The IRS has offered tax relief to victims of Hurricane Ian in Florida, North Carolina and South Carolina, but there is more that employers can do to assist their employees who have also been impacted.
Section 139 allows business owners to make qualified disaster relief payments to employees affected by a federally declared disaster. Section 139 qualified disaster relief payments are tax-free to the employee and are fully deductible by the employer.
These disaster relief payments can be used to help employees pay for reasonable and necessary personal, family, living or funeral expenses incurred as a result of a qualified disaster. These payments can also help toward the repair or rehabilitation of a personal home or loss of any items inside the residence. The disaster relief payments only qualify for expenses not covered or compensated by insurance. Expenses include personal property expenses, medical, housing and transportation expenses.
These disaster relief payments are not considered compensation to the employee, meaning that neither the employee nor the employer are subject to payroll taxes on the payments. Furthermore, employers can deduct these payments as ordinary and necessary business expenses.
Section 139 payments also relieve the employee or employer from producing receipts or other proof of expenses incurred as a result of the qualified disaster. The IRS states the relief payments qualify if they are “commensurate with the expenses incurred.”
Even though not required, we recommend that employers ask employees to provide documentation to ensure they meet the “commensurate with” standard. It also is a good way for employers to protect themselves against fraud or employees who may take advantage of this generosity.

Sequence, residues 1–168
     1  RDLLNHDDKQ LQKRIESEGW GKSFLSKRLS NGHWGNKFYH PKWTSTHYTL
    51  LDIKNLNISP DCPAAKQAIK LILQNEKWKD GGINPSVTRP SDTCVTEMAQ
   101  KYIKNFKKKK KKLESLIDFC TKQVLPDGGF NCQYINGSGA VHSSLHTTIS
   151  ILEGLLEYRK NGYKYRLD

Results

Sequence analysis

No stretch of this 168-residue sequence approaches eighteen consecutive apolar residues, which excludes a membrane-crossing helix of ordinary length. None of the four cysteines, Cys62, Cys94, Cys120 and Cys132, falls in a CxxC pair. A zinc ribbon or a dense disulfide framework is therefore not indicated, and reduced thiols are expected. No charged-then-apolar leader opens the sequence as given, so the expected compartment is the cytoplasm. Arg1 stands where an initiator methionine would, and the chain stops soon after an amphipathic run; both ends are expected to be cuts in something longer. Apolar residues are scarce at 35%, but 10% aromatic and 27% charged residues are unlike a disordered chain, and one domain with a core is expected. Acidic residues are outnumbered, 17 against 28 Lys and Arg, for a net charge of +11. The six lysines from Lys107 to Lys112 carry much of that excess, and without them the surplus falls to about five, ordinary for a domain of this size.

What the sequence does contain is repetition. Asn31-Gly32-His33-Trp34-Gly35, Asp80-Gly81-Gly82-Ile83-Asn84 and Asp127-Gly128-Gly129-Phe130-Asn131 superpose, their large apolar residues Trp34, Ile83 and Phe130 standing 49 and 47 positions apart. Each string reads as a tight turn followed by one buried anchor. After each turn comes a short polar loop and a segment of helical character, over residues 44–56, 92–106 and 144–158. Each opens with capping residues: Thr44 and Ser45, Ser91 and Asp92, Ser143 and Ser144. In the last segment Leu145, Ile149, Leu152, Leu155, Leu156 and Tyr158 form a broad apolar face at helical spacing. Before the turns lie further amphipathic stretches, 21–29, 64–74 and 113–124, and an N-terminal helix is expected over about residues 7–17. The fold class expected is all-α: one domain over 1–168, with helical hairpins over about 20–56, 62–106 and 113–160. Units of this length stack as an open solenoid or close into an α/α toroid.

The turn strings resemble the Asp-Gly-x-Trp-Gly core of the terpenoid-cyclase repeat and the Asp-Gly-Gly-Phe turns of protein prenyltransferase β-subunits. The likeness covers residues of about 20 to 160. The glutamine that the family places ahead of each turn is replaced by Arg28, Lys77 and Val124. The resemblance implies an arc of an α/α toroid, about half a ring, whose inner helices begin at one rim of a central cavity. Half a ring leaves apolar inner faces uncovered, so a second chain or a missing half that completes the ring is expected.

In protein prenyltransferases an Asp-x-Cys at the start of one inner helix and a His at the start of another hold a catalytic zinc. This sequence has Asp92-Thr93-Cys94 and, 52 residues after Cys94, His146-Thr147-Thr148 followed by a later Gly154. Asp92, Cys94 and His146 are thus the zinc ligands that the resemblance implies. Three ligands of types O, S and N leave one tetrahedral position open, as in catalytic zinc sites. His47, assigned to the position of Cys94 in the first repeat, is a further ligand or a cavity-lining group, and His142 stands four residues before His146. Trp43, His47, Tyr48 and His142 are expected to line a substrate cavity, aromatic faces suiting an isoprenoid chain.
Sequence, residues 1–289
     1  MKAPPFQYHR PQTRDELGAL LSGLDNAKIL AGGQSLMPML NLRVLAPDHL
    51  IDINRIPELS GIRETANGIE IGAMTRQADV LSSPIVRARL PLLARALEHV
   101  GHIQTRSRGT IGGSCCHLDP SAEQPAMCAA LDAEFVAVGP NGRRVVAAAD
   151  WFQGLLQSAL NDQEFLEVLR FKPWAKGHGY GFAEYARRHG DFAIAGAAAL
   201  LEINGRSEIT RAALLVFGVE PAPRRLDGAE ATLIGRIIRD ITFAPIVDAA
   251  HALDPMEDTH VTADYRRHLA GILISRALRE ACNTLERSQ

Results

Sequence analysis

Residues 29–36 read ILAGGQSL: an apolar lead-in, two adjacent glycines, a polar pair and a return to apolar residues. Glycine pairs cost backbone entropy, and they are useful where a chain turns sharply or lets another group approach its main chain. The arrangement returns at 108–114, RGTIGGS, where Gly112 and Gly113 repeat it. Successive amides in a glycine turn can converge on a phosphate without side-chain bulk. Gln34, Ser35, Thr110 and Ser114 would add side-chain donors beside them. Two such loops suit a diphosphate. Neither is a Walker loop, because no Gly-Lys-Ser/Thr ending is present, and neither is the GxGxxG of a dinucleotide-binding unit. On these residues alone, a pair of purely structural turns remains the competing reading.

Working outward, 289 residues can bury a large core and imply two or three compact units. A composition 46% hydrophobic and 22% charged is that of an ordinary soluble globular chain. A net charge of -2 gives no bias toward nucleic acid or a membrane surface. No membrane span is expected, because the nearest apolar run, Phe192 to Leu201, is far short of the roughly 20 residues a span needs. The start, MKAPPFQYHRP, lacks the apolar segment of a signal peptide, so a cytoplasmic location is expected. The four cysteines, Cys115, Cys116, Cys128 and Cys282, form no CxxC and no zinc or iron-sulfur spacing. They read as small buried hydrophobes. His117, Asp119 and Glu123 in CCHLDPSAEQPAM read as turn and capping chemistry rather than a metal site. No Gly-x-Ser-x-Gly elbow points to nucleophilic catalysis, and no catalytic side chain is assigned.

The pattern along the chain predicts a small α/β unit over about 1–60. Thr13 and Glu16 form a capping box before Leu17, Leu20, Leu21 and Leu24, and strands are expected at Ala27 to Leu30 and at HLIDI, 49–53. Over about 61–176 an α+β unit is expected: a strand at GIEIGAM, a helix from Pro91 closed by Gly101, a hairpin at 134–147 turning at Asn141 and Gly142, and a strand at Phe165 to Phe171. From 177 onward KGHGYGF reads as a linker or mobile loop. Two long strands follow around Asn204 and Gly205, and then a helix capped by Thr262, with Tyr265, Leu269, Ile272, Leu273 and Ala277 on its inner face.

While Hurricane Ian is the most recent federally declared disaster, Section 139 applies to any of the following qualified disasters:
- Federally declared disasters;
- Disasters that result from terroristic or military actions;
- Disasters or other catastrophic events that result from an accident involving a common carrier; and
- For certain government relief payments, disasters determined by applicable federal, state or local authorities to warrant government assistance (e.g., Covid-19 relief).
This exclusion does not apply to payments in the nature of income replacement, such as payments to individuals for lost wages, unemployment compensation, or payments to replace business income.
Business owners may want to consider developing a written disaster relief plan so that employees know it is available and what expenses will be covered in the event of a qualified disaster and how to expect reimbursement. Many payroll companies can assist with administering Section 139 plans.
Please contact us if you would like to learn more.
Nina Daigle, CPA, is a Partner with Antares Group. She can be reached at firstname.lastname@example.org.